On December 22nd it started.
It was the first official day of vacation and my son was already worried about his return to school. We counted the days together and he was satisfied that we would have a long break together. His demeanor relaxed when he realized that it would be weeks before he must pretend to be anything or anyone else.
It feels so differently to see my TBP comfortable in his own skin, in his own habitat.
Today, the question came again. He wasn’t as happy with today’s answer because he felt how quickly the previous days had already passed. I assured him that we still had plenty of time. We don’t want to waste our time so we are clear with our hopes for each day.
Sharing. Prioritizing. Compromising.
We drink coffee and plan the day as a family. We do a bit of housework, errands and a lot of playing. The clock rarely forcing us to stop what we are doing. We typically don’t live like this and it feels amazing!
He talks about time as the most valuable commodity. In an attempt to prepare him for the upcoming return to reality, I remind him that this isn’t a realistic way for us to live. We have responsibilities. At this point, he talks about the sadness that he feels at the idea of starting a job and working for years and years at that same job. He doesn’t want to spend his days doing what he is told by others. He continues to share his sermon on how it should be and I can’t help but think that he has a point.
“I hope that works for you.” I say with a smile. He is slightly annoyed by my comment; it must sound patronizing. I hope that it does work for him.
He playfully begs for a bit more play time together and I can’t resist. His smile. His big brown eyes. He looks at me and plays with my hair like he used to do.
I would rather play with him instead of waiting until I have a clean house, an empty dishwasher, and a completed to do list.
He doesn’t know this, but I took another glance at the calendar and I dread how quickly the time is passing too. Actually, I dread it more. But I push those thoughts away and promise revenge during the next round of video game attacks!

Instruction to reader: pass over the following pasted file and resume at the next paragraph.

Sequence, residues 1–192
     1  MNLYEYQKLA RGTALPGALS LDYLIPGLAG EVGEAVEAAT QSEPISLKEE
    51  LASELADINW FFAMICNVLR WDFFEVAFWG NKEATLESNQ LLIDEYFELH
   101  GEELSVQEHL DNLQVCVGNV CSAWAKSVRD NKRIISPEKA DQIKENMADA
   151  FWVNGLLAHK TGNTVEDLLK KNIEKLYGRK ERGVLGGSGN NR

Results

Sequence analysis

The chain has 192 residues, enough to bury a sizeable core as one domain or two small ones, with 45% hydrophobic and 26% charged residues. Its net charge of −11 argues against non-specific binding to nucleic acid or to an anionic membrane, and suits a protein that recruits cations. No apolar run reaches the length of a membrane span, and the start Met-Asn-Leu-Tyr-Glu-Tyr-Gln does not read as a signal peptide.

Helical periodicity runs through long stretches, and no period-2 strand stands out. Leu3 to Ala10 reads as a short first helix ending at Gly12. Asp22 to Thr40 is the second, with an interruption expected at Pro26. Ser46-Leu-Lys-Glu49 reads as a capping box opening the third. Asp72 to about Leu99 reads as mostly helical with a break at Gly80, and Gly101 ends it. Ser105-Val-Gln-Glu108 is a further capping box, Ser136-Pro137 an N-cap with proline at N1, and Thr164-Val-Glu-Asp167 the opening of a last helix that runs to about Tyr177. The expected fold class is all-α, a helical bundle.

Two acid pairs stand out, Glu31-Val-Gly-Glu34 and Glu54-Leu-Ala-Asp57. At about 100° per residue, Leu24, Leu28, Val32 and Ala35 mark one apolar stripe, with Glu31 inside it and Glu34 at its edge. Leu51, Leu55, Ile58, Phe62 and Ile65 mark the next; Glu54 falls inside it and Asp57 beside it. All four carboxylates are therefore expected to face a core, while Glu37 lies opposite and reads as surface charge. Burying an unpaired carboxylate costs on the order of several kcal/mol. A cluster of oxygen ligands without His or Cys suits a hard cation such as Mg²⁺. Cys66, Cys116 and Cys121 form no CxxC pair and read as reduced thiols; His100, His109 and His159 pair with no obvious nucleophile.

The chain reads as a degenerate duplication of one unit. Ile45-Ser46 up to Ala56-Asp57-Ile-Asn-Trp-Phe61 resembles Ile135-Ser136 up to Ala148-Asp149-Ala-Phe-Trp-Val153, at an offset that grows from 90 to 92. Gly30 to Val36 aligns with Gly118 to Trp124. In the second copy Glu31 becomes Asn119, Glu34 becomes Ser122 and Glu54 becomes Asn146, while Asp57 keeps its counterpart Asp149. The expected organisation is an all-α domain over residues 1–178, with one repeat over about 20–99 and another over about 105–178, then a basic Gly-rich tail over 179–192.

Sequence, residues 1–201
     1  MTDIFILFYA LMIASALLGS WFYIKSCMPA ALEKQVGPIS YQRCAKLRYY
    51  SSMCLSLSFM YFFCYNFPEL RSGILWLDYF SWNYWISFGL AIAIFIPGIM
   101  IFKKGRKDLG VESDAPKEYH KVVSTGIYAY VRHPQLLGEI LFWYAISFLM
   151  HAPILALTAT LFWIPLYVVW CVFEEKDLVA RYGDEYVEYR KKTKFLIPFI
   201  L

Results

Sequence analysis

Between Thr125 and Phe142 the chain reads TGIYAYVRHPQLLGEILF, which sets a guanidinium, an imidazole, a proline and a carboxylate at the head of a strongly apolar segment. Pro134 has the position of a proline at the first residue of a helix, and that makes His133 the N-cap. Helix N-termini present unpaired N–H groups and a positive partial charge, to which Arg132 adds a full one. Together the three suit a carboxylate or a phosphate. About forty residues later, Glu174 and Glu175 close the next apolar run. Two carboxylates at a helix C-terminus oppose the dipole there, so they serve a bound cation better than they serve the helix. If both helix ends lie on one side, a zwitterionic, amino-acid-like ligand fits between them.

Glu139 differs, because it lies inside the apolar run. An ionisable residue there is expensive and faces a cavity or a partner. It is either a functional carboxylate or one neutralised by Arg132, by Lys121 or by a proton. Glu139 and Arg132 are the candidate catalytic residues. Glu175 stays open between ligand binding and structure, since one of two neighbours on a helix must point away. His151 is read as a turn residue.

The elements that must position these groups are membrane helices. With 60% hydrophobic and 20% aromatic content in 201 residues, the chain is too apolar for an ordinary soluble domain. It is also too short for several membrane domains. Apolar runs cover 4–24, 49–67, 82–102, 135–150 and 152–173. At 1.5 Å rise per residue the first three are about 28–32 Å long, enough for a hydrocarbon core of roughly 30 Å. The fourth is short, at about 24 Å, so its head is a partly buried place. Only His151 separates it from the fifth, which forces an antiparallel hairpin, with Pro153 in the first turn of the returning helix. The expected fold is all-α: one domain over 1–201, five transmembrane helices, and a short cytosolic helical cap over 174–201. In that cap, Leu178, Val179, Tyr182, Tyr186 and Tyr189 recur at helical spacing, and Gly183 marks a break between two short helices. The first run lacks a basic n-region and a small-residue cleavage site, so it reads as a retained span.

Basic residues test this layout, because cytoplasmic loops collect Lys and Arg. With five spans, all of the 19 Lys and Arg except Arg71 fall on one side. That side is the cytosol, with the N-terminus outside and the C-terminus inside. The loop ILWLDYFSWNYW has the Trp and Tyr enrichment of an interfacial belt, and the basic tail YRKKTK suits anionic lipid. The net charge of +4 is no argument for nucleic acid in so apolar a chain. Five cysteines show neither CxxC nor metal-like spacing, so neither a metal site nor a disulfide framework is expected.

So now I ask you…How do you spend your time away from work? How hard is it for you to get back into the regular routine?
I know just what you mean…I find it VERY hard to go back to a regular routine. And the week together that stretches out so luxuriously at the beginning become pinched and painful at the very end. -Amy at http://www.momgoeson.wordpress.com
Yes! So true! We find ourselves already trying to convince him that February break will be here in no time!
Thank you for your visit 🙂
So very know how he feels! We homeschool, but I am always juggling casual work, homeschooling “must-do’s” and quality time with my kids. And my boy (with tears and hysterics) told me much the same thing as yours did – he didn’t want to grow up and deal with all the “must do’s” because he couldn’t see the point. I had to agree with him for the most part…but the house, the holidays, the clothes all come from somewhere and we are lucky that we have some choices where many don’t. Gotta look on the positive side.
That being said, it’s off to play another game of Killer Bunnies while I have a bit of time off 🙂 Happy holidays!
They are so smart-maybe they are right!
My son asked when he could finally not have to listen to others and be bossed around-I told him I didn’t know. I told him when he figured it out to tell me.